- Mostly cloudy
By John Lachmann
OXFORD, Ohio – After a strong finish to his junior season, ultra-durable Joe Hartman was preparing for his final year at Miami.
The 6-feet-4, 209-pound defenseman had missed just two games in the first three seasons of his RedHawks career.
But in his first official practice this season he suffered a foot injury. Hartman played opening weekend vs. Colgate, but he said it was not getting better and had it checked out.
It turned out the foot was broken. Amazingly, it was the first bone fracture the physical Hartman had ever suffered in his hockey career.
"Just beginning senior year, trying to put a good year together, to find out that you're out from a fluke injury kind of irritated me quite a bit," Hartman said.
Hartman was told if the foot was put in a cast, he was done for 6-8 weeks, but if he wore a boot and was extremely careful it would probably heel in three weeks.
Fortunately he chose the latter option, and after missing just six games early in the season he has gone on to the best campaign of his career.
"It's nothing special, it's just focusing day in and day out on little things like winning battles in practice," Hartman said. "Things I need to be good at in games, I have to focus on in practice, and that's what I did."
With just 35 points in his RedHawks career, he may not wow the casual fan with his play, but by knocking the puck away from opponents, hitting them and by physically driving them out of shooting lanes, Hartman is a key reason Miami has allowed less than two goals per game in the four years he has spent in Oxford.
"He's just that reliable defenseman," senior captain Steven Spinell said. "When he needs to, he can get pucks on net and he has that (offensive) side of it, but he just doesn't get beat."
The St. Cloud, Minn., native saw two of his older siblings participate in college sports. His sister played basketball for Minnesota-Duluth, and his brother graduated from St. Cloud State in 2009 after a hockey career there.
Hartman played high school hockey in Minnesota, and his junior season he logged seven games with the NAHL Minnesota Blizzard before and after his prep season at Apollo High School, where he was named to the all-conference team.
He stayed in the NAHL and played 59 games for Alexandria as a high school senior, recording seven assists. The following season he led all Alexandria defensemen with 31 points on 10 goals and 21 assists, and was fourth on the team with a plus-18 rating.
Hartman's final year of juniors was played with the Indiana Ice of the USHL in 2008-09, coached by former Miami assistant Jeff Blashill.
While Blashill was in Indianapolis, Hartman was one of a number of players to follow the pipeline to the RedHawks. Miami coach Enrico Blasi decided to bring Hartman to Oxford in the fall of 2009 after his six-goal, 22-assist season with Indiana and a league championship.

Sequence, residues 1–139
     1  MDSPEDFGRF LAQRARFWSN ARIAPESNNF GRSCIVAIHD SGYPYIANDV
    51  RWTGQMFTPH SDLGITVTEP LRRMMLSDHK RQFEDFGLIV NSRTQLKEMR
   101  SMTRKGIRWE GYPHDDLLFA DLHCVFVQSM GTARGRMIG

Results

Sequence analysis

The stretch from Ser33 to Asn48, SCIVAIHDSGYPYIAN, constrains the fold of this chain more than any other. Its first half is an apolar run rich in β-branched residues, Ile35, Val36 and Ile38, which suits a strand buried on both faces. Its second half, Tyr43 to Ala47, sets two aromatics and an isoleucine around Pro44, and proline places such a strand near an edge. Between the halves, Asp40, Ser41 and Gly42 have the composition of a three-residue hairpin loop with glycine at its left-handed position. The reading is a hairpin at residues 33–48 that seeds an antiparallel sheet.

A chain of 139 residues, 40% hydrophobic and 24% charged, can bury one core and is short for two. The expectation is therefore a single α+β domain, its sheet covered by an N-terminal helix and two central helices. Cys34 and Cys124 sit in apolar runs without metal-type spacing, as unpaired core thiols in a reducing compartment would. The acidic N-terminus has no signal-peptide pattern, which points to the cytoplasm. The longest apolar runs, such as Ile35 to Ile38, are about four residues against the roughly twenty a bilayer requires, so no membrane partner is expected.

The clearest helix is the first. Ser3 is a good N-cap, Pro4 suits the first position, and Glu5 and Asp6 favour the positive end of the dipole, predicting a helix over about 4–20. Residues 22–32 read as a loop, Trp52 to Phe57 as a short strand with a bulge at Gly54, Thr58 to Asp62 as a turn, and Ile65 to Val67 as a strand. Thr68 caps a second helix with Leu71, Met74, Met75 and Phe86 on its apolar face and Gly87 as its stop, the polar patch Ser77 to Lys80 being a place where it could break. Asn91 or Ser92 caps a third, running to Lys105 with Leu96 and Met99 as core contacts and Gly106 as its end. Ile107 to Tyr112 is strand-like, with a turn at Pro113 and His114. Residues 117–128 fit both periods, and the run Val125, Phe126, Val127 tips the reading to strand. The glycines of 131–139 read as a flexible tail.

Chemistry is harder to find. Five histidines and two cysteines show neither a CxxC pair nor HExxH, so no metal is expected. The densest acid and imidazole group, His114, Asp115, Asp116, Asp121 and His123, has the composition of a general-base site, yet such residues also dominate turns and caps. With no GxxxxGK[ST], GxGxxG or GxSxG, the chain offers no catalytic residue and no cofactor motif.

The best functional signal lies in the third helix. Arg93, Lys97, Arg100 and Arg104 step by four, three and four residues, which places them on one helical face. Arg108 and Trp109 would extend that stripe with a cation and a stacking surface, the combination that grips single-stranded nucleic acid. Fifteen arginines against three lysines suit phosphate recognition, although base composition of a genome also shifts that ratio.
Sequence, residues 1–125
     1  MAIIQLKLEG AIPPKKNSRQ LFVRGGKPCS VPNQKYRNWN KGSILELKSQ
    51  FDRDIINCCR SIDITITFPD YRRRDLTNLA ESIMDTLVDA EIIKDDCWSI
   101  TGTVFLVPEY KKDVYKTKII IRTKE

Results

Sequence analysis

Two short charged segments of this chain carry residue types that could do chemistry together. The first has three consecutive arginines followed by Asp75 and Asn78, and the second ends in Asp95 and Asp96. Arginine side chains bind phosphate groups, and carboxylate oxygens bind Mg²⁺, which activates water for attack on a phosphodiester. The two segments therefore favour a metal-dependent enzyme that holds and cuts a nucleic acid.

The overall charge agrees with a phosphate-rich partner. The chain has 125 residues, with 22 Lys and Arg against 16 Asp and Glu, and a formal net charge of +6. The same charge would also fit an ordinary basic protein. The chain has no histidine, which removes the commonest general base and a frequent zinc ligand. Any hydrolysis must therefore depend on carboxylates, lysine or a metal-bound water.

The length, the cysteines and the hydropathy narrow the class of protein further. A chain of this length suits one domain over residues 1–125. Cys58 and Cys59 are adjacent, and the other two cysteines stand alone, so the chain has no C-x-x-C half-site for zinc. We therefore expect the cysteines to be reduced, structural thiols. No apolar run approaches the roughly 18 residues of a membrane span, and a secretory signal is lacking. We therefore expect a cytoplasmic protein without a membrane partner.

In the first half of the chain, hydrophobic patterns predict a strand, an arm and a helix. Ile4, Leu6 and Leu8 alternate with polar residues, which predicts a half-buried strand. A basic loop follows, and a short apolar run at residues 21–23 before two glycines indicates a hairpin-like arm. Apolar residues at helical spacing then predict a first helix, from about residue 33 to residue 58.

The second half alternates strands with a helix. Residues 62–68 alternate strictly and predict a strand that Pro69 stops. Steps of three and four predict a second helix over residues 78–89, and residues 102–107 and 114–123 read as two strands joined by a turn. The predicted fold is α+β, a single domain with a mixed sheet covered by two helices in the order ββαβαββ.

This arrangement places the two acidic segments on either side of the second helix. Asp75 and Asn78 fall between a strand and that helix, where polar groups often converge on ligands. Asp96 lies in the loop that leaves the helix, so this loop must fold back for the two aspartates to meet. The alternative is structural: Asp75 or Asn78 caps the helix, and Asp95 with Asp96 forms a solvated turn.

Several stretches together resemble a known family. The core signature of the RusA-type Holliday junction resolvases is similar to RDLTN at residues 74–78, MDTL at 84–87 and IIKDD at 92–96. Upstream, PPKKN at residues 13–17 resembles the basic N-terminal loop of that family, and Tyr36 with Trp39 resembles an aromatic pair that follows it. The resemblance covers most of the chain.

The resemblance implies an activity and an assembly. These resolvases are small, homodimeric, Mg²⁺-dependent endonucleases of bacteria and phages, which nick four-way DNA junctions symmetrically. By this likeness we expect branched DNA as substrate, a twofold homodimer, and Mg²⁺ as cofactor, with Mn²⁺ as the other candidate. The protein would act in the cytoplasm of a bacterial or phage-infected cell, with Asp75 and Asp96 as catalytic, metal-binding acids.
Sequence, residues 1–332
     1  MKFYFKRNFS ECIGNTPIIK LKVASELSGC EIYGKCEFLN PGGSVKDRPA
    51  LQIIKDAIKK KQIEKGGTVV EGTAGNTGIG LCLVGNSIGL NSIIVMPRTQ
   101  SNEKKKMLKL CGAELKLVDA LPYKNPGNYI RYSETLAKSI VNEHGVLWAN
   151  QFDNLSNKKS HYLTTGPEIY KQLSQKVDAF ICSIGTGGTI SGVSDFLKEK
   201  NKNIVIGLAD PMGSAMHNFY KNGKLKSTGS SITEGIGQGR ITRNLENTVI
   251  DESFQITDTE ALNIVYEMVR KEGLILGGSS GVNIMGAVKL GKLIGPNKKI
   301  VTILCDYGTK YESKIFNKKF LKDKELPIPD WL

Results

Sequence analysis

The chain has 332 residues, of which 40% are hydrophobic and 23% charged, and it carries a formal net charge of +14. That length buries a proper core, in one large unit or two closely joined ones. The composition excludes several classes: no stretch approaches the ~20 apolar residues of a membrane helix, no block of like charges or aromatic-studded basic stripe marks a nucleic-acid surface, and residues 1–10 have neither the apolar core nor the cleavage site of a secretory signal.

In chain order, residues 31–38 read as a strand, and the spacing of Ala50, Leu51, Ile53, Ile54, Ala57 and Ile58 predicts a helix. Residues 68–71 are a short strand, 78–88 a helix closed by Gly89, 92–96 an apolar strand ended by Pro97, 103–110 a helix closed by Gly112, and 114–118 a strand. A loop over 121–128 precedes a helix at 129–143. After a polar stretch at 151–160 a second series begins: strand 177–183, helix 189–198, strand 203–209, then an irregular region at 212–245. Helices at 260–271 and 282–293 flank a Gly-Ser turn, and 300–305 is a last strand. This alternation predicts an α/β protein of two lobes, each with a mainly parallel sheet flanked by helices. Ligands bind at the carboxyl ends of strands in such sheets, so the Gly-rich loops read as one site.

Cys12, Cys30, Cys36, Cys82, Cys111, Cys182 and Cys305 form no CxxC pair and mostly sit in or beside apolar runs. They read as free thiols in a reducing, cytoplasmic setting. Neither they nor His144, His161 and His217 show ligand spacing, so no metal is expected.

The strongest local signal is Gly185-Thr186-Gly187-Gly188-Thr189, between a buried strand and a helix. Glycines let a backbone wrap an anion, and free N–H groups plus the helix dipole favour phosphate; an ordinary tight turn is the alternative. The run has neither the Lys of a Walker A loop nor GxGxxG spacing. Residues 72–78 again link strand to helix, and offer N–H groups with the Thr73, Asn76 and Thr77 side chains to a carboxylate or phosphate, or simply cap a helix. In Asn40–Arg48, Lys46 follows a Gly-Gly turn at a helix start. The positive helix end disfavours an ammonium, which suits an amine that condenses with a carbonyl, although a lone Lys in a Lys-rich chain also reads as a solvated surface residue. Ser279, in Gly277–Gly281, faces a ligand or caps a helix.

"Obviously Blash's connection there, obviously Indiana being close – we see a lot of them – and Joe was one of those Steady Eddie guys we thought we needed, especially with the guys we had in our lineup at the time," Miami coach Enrico Blasi said. "He's not only done that but he's exceeded what we thought he could do for us."
Hartman said he had several collegiate options, and the reputation of Miami's business school was a major factor for the finance major.
"Once I came to Miami I knew there was where I wanted to play right away," Hartman said. "The campus, the hockey, everything."
Opening night in October of 2009 was against, of all teams, St. Cloud State at Cady Arena. Hartman's brother had just wrapped up his hockey career there the previous season, so he was quite familiar with the team.
"Obviously your first college game is going to be pretty amazing no matter what," Hartman said. "Playing against the hometown team, it was a pretty cool weekend for me."
His first shift was on the penalty kill against a stacked St. Cloud power play unit.
Miami went on to win both games that weekend and Hartman's first season in Oxford was quite a success. He led the team in defenseman goals with seven, including two shorthanded goals – the second-most of any blueliner in the NCAA.
He also picked up eight assists, giving him the third-most freshman points on the team behind only Reilly Smith and Curtis McKenzie. Hartman also finished the season plus-17 and scored the RedHawks' only goal in their Frozen Four loss to Boston College.
"It was a good year for me," Hartman said. "A lot of things worked out and went the right way, and when you work hard sometimes that's the way things go. To put up numbers like that was pretty good for me."